A recent presentation by SIDN (.nl) at the Spring 2016 DNS-OARC workshop reminded me of the importance of Time-To-Live (TTL) values in TLD zones. Specifically, it got me thinking about lowering the negative caching time in .ch/.li from currently 1 hour to 15 minutes.
What is negative caching?
When a resolver receives a response to a query, it caches it for the duration of the TTL specified by the record. For positive responses, the record contains the TTL, but for negative responses (response code NXDOMAIN), there is no answer to the query question. For this case, the response contains the SOA record of the zone in the authority section. Negative caching is specified in RFC 2308 as the minimum of the SOA record’s TTL and the SOA minimum field. For example, the original SOA record of the .ch zone looked as follows:
dig +nocmd +noall +answer @a.nic.ch ch. soa
ch. 3600 IN SOA a.nic.ch. helpdesk.nic.ch. 2016041421 900 600 1123200 3600
The SOA TTL is 3600, and the SOA minimum time is also set to 3600. The minimum of these two values is of course 3600 too. That means the negative caching time for any .ch domain lookup is one hour.
A lower negative caching time is more user-friendly
People who are about to register a new domain name may also look up the name over DNS. However, this means that they just cached the non-existence of the name in the resolver they are using. A domain can be registered in a matter of minutes, and this can prevent them from using the domain name on their network for the duration of the negative caching time.
Another example is the domain abuse process for .ch/.li. We notify the domain holders of compromised websites that are abused for drive-by infections or host a phishing site. Some domain holders who do not take action to remove the malicious content within the stated deadline get their domain name temporarily suspended, as a result of which the domain name delegation is removed from the .ch/.li zone. A low negative caching time helps restore the domain more quickly when the delegation is put back in the zone.
These are just two examples showing that, put simply, a lower negative caching time is more user-friendly. On the other hand, a lower negative caching time also means a higher query load on the name server.
Negative caching time on other TLDs
I was wondering what negative caching times are chosen by other TLDs, so I tested all TLDs currently delegated by the root zone. The chart below shows the range and percentage of all the negative caching time values observed.
It surprised me that roughly 40% of all TLDs use a high value of one day (86400 seconds). The old value for .ch/.li of one hour was actually not that bad compared with what a lot of TLDs still use. Luckily for end users, recursive DNS resolvers enforce TTL limits. For the negative caching time, the maximum default values from well known resolvers are as follows:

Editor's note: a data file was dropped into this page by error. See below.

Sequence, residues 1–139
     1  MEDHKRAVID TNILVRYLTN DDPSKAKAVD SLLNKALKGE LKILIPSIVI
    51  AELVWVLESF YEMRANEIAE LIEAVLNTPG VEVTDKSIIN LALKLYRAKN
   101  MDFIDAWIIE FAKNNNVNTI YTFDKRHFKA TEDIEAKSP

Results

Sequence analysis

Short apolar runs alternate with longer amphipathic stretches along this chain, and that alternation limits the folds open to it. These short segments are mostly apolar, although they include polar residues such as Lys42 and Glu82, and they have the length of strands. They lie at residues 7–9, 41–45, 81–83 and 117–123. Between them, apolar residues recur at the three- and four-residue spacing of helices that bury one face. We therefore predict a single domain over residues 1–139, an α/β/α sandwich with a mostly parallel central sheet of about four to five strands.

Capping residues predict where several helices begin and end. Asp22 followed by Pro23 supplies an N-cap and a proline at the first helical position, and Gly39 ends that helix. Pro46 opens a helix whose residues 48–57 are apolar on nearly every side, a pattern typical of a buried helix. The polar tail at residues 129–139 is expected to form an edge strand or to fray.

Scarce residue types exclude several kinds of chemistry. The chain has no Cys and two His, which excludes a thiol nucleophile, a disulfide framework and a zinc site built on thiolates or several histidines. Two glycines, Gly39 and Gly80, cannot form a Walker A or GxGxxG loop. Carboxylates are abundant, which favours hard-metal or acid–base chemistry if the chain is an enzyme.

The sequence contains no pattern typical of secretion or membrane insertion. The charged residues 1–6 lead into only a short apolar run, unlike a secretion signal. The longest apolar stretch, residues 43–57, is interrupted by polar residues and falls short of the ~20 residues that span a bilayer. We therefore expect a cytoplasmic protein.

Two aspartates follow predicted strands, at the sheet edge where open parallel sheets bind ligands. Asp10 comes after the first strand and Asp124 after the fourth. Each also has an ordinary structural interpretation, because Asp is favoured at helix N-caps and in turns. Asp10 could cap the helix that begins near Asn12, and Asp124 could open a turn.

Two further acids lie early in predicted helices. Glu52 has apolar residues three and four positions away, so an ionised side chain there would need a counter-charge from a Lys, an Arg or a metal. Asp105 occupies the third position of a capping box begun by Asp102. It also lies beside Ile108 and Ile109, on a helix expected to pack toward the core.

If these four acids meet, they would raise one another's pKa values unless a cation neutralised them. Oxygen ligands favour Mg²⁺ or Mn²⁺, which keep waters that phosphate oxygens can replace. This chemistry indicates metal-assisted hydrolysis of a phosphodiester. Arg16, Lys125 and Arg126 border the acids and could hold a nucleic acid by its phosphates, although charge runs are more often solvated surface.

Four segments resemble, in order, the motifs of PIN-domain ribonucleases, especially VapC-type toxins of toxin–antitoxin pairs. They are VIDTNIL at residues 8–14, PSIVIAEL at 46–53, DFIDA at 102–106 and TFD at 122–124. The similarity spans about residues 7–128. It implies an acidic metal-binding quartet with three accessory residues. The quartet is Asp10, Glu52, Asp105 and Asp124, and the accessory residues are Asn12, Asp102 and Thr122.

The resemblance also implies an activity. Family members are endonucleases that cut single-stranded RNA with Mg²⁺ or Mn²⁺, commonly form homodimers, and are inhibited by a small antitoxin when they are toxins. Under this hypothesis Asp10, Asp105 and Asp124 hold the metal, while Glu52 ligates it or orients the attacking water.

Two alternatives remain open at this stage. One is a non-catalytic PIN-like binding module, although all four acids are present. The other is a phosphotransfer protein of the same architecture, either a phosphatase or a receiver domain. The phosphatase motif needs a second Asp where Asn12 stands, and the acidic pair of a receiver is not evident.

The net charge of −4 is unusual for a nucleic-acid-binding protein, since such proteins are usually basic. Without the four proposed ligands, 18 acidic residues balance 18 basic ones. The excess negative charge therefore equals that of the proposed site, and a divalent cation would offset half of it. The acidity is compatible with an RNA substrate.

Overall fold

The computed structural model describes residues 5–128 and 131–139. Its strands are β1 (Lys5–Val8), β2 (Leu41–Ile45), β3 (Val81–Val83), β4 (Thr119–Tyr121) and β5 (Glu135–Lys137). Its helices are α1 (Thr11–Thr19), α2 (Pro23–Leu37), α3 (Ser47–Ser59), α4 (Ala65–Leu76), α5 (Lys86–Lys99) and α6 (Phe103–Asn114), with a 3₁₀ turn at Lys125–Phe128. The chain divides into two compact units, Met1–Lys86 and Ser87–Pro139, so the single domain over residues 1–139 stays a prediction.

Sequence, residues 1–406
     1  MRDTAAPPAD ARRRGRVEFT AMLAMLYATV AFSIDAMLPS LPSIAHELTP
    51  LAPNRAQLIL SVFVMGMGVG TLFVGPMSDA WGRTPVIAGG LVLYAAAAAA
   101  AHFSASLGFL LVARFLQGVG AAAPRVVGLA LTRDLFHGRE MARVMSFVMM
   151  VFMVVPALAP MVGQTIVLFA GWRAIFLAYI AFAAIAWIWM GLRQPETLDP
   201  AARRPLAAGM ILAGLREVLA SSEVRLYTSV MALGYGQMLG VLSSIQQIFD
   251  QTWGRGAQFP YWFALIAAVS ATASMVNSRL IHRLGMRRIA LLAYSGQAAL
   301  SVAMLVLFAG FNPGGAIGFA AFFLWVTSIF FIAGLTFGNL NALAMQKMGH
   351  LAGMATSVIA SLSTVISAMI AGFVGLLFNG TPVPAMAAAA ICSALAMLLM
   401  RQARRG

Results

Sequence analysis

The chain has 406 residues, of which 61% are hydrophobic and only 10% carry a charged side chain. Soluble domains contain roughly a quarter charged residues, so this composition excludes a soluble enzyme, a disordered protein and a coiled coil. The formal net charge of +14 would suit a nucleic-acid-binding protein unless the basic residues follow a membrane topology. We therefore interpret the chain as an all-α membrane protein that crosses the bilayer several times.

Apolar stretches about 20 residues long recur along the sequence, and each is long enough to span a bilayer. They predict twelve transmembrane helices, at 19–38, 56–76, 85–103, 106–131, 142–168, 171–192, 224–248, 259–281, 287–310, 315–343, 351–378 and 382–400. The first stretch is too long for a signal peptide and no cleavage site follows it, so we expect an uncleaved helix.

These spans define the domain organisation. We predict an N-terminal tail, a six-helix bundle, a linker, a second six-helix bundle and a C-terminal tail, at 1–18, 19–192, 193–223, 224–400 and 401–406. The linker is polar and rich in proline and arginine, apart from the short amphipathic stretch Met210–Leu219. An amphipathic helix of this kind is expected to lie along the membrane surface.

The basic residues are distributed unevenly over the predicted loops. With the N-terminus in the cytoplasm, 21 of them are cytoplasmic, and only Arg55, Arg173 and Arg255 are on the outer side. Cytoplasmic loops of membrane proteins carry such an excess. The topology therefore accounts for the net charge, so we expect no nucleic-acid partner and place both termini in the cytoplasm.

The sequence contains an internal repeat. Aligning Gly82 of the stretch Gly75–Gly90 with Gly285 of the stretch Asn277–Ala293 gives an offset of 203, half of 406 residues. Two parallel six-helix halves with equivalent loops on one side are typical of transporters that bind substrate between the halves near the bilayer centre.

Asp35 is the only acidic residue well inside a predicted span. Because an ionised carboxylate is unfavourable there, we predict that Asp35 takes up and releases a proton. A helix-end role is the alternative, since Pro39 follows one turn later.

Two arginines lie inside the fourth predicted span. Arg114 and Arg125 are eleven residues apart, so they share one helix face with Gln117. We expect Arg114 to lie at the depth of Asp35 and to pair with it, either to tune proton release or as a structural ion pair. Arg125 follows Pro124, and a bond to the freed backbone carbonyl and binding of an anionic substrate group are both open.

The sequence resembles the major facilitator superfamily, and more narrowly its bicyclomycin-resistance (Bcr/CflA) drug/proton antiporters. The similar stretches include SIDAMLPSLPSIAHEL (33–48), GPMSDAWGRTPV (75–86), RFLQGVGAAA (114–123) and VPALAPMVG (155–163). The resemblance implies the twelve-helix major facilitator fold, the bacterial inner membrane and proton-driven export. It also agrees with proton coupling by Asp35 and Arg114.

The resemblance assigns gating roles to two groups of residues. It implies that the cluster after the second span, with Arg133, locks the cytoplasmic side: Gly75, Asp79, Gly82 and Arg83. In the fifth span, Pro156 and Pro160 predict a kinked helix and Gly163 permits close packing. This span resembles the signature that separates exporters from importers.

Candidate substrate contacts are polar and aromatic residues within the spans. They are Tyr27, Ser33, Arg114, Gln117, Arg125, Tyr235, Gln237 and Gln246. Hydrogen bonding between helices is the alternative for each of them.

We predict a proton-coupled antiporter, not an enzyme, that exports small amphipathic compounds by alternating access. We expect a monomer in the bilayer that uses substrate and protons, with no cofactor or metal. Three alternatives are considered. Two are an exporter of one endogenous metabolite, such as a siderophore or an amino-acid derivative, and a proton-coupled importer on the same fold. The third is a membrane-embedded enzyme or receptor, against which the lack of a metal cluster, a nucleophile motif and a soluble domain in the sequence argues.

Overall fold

- BIND: 10800 (3 hours)
- Unbound: 3600 (1 hour)
- PowerDNS: 3600 (1 hour)
- Windows DNS: 900 (15 minutes)
That means there is little advantage in setting it higher than 3 hours if resolvers are not obeying this value anyway. There was a nice presentation by Microsoft on the subject of “Caching of Negative DNS records” at the Spring 2015 DNS-OARC workshop that looked into this behaviour as well.
Query load impact on our name servers
During the last two weeks, we lowered the negative caching time from its origin of 3600 to 1800 and finally 900 seconds. For comparison, I plotted the number of query responses with the response code NXDOMAIN. As can be seen, for the selected name server the value increased slightly during each week. There is some fluctuation in the plot, the problem is that the measurement period is too short to compensate for other traffic noise.
Apart from slightly more requests for non-existent domain names, I also expected an increase in DS query type requests from validating resolvers. There is an interesting presentation from JPRS from the Spring 2013 DNS-OARC workshop, which studied this subject in more detail. The plot in our case suggests that it is not a big issue for .ch/.li at the moment either (the negative caching 900 plot line behaves unexpected. Again, I attribute this to the too short measurement period).
The small increase in queries per second is negligible. We observe a much larger increase in query load through the “natural” growth of the zone itself (number of delegations). Each node has spare capacity of many thousands of queries per second, and this change does not cause any impact to worry about. Having said that, it would probably make sense for many other TLDs to lower negative caching time as well.
A “thank you” goes out to the people on the DNS-OARC dns-operation mailing list for their input to my question about negative caching weirdness.